The opinion of the court was delivered by: SHADUR
MILTON I. SHADUR, UNITED STATES DISTRICT JUDGE
On October 23, 1990 this Court approved the settlement in this securities class action as fair, reasonable and adequate. But because it had not then been provided with all the necessary information as to the one issue on which the class was not independently represented -- the amount of attorneys' fees to be charged against the settlement fund, a question as to which class counsel and class members by definition have conflicting interests -- this Court requested and has now received additional input from class counsel bearing on that subject.
That added information is sufficient to permit the exercise of an informed judgment as to a reasonable fee award. In that respect this memorandum opinion and order will first look at the "lodestar" approach to that question, then (as counsel have suggested) will turn to the percentage-of-recovery approach in the process of evaluating whether or not that approach, or perhaps a multiplier times the so-called "lodestar," should apply to compensate for counsel's risk-taking.
Some factors that enter into the "lodestar" calculation as it has been tendered by counsel require a fresh (or more accurately an objective) look. They will be dealt with at the outset, after which an adjusted "lodestar" figure will be developed based on those factors.
As for the hours actually spent by counsel, the lawyers themselves recognize the existence of some wastage in that respect. First of all, this litigation began with a multiplicity of lawsuits -- the familiar (if not invariable) result when a public company, with stockholders located all around the country, suffers an event that sets the antennae of plaintiff class action securities lawyers vibrating.
That multiplicity alone meant that a substantial number of lawyers had engaged in much the same threshold activity, very likely of significant scope, in order to prepare and file their complaints. And of course that initial activity was necessarily duplicative and ultimately provided no more benefit to the class than a single law firm's efforts would have done.
At the next stage the various suits ended up grouped on this Court's calendar via transfer and consolidation. And even though this Court then insisted on dismissal of all the individual suits in favor of a single consolidated complaint, the problems of selecting lead counsel and thereafter of monitoring the efforts of the several law firm participants had to be dealt with by the lawyers -- once again with some inevitable duplication of effort even on the most favorable assumptions.
To put the matter most simply, there is just no question that the hours spent by ten law firms, as evidenced by plaintiffs' counsel's submissions, had to exceed by some substantial amount the time that lawyers in one law firm handling the ultimate single lawsuit would have had to spend in its preparation, filing and prosecution. And that is so no matter how efficiently the lead counsel and liaison counsel were in their efforts at coordination and in parceling out the work once the litigation team was organized.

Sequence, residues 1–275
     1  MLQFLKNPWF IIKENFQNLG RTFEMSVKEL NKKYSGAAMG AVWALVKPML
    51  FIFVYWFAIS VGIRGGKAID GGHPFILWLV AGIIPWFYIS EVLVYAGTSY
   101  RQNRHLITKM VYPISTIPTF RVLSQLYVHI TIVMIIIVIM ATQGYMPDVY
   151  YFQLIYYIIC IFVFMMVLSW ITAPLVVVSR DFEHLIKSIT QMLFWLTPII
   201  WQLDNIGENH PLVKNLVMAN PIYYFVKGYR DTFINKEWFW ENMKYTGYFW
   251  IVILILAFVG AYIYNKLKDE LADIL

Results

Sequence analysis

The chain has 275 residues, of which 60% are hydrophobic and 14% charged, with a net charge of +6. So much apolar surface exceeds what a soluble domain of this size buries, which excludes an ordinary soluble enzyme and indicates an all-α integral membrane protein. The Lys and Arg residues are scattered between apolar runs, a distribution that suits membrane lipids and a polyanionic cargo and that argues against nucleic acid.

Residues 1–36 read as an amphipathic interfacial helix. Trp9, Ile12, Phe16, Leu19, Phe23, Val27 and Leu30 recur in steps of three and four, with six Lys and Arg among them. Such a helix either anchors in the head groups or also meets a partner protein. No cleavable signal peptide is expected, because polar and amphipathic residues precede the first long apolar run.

Nevertheless this Court has not sought to carve any time out of the total hours to reflect that indisputable factor.
Instead the just-described point has been made in this opinion to recognize that any so-called lodestar figure that accepts the lawyers' hours at face value already contains a multiplier of some material but unquantified amount. After all, from the point of view of the clients -- the stockholder class -- no added value is contributed by a multiplicity of actions. In terms of the real value of legal services, the logical measure of a reasonable fee would be the amount that would have been earned by a single law firm handling the matter for the plaintiff class from the inception of the case.
As for the other component of the conventional lodestar calculation -- hourly rates -- more than one factor calls for discussion. They too will be addressed before this opinion applies the principles outlined here to the factual submissions.
First, as to the delay factor,
this Court has on several occasions explained why historical hourly rates with an adjustment for interest provide a substantially more precise level of compensation for the phenomenon of delay in payment than the simplistic (though convenient) application of today's hourly rates to all time spent by counsel during the course of the litigation (see, e.g., Brandt v. Schal Associates, Inc., 131 F.R.D. 512, 520-22 (N.D. Ill. 1990)), Lippo v. Mobil Oil Corp., 692 F. Supp. 826, 838-42 (N.D.Ill. 1988) and Fleming v. Kane County, 686 F. Supp. 1264, 1272-74 (N.D.Ill. 1988). In this instance the supplemental submission made by plaintiffs' counsel in response to this Court's request provides a number of confirmations of that proposition. Only a few of those confirmations bear brief mention, as drawn for example from the largest single request received from the participating law firms:
1. For one thing, fully 25% of the total fees of all the lawyers as requested in this case, when viewed in terms of the lodestar at current rates ($ 86,800 out of $ 348,890.50), represent the time of a single lawyer, Stephen Ramos, Esq. ("Ramos"), who moved from associate to partnership status in his firm on January 1, 1990. That type of advancement was specifically and accurately portrayed by Fleming, 686 F. Supp. at 1273 as a classic ...